Genetic Testing Company Links

Here are some companies that offer genetic testing services at reasonable fees. These companies are the source of the private DNA database. Some are in the process of modifying their user agreements. The old "default" was the election of shared data; the new "default" position is in favor of customers' privacy. Under the new default settings, law enforcement will need a search warrant to access the genetic data.

We can help.

If you or a family member have privacy concerns, or are confronted with an unwanted identification, contact our law firm to assess your options. 

Post #630

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Sunday, June 27, 2021

Evidence Collected From Drone Disallowed by Court

Clarkston Legal Drone Evidence Blog Post
Recently, my wife and I were working in our backyard when we noticed a drone, floating by our yard just below tree-top level. As soon as we stood-up to look at the buzzing drone, it came closer to our position hovering just above our heads out of reach. 

Yes, drones have become ubiquitous. In Texas, they shoot them down like game birds. Cases are now starting to percolate into the common law of Michigan that examine the relationship between evidence obtained from invasive devices like drones, and our privacy. 

The Michigan Court of Appeals recently decided Long Lake Township v Maxon, an interesting case pitting evidence gathered by a drone against a couple's right to privacy on their own property. The Township cited the couple for an ordinance violation; the Township was informed relative to the Maxon's alleged zoning ordinance violation via drone surveillance footage; the drone footage was obtained without a warrant. 

The Maxons have a long history of litigation with Long Lake Township in Grand Traverse County over the Township's nuisance ordinance banning certain forms of salvage and junk operations. A settlement agreement had been governing relations between the parties since 2008, and prevented the Township from filing a violation against the homeowners. 

In 2018, however, the Township complained that the Maxons had expanded their salvage operation over the past decade. To prove their contention, they hired Zero Gravity Aerial to make photographic drone flights directly over the Maxon's property in the years 2010, 2016, 2017, and 2018. 

Throughout these years, the Township did not secure a warrant for the drone flights. The evidence collected clearly indicated an increase in the number of junked cars on the property. 

Citing their right to be free from government searches without a warrant based on probable cause, the Maxons moved to supress the evidence obtained from the drones. In denying their motion, the trial court judge ruled that the homeowners had no expectation of privacy in their yard based on the "fixed wing" doctrine; therefore, without a privacy interest, a warrant was not required and the evidence gathered from the Township drones could be used to prove their case.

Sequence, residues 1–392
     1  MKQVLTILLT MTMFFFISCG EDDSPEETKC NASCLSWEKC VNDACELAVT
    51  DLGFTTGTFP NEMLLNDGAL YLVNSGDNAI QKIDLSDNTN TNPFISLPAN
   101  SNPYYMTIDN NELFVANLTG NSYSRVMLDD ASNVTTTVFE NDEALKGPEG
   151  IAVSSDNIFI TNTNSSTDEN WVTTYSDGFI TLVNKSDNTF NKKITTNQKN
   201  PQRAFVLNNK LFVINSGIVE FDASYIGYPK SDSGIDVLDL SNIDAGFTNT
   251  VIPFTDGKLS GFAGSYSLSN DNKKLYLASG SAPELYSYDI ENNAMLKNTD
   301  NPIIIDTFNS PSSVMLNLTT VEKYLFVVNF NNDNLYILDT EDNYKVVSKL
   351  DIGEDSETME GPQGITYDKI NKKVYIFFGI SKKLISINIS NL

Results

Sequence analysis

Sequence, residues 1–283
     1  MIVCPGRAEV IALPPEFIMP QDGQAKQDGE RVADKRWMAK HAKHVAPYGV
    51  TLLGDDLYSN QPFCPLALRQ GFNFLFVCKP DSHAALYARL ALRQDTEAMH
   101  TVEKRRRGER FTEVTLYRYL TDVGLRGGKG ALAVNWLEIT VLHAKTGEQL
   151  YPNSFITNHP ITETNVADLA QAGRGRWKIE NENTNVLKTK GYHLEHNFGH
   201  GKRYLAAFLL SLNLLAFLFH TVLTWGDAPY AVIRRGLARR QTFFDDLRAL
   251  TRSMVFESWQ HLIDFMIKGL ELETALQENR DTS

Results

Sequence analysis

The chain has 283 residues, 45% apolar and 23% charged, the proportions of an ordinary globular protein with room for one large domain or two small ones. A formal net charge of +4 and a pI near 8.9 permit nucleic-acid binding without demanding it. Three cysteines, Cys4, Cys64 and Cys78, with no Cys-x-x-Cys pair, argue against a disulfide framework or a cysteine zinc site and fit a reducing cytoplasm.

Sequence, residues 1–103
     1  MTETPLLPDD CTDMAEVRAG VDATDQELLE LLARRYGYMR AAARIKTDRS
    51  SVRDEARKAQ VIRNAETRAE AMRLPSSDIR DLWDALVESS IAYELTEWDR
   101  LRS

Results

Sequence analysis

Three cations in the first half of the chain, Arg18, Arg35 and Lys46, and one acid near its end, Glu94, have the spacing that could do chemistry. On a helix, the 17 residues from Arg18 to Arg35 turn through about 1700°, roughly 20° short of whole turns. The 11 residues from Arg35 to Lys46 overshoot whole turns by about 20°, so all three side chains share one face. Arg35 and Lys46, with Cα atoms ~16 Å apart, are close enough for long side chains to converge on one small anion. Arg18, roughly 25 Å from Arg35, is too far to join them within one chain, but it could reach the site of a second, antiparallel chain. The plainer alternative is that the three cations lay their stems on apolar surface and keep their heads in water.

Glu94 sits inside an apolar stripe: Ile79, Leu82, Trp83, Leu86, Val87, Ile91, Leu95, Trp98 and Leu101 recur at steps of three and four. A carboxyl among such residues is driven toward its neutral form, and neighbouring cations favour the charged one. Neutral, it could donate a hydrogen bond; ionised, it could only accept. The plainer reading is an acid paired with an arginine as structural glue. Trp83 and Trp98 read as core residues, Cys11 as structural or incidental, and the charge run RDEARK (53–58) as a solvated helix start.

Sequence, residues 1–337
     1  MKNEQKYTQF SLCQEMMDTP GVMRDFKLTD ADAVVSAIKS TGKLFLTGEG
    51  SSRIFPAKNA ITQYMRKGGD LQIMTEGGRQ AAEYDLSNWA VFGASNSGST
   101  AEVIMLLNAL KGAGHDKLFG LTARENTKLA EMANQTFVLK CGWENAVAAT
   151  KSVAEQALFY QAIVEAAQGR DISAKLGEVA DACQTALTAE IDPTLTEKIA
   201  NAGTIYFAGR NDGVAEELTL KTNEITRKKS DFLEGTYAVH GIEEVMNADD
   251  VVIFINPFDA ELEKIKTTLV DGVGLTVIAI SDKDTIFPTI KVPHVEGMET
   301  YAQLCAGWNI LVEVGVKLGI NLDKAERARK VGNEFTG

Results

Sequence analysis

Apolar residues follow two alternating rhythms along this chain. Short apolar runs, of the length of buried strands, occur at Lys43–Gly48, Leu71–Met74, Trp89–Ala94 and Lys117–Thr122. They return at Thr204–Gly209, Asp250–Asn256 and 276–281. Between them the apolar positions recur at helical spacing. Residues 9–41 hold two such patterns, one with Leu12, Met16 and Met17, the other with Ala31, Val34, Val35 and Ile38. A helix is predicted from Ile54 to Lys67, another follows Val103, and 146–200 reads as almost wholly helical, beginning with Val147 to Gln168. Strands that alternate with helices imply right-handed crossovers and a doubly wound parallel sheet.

If a party has a reasonable justifiable expectation of privacy under the circumstances of a particular case, then the government must obtain a search warrant based on probable cause to invade that private sector. If there is no reasonable expectation under the circumstances, then no warrant is required. Within the jurisprudence of probable cause, warrantless searches are  presumptively disfavored by the courts. This case is interesting because it adds a drone surveillance component that was not present in earlier cases.

Michigan has a drone statute which states:

(1) A person shall not knowingly and intentionally operate an unmanned aircraft system to subject an individual to harassment. As used in this subsection, "harassment" means that term as defined in section 411h or 411i of the Michigan penal code, 1931 PA 328, MCL 750.411h and 750.411i.
  (2) A person shall not knowingly and intentionally operate an unmanned aircraft system within a distance that, if the person were to do so personally rather than through remote operation of an unmanned aircraft, would be a violation of a restraining order or other judicial order.
  (3) A person shall not knowingly and intentionally operate an unmanned aircraft system to violate section 539j of the Michigan penal code, 1931 PA 328, MCL 750.539j, or to otherwise capture photographs, video, or audio recordings of an individual in a manner that would invade the individual's reasonable expectation of privacy.
  (4) An individual who is required to register as a sex offender under the sex offenders registration act, 1994 PA 295, MCL 28.721 to 28.736, shall not operate an unmanned aircraft system to knowingly and intentionally follow, contact, or capture images of another individual, if the individual's sentence in a criminal case would prohibit the individual from following, contacting, or capturing the image of the other individual.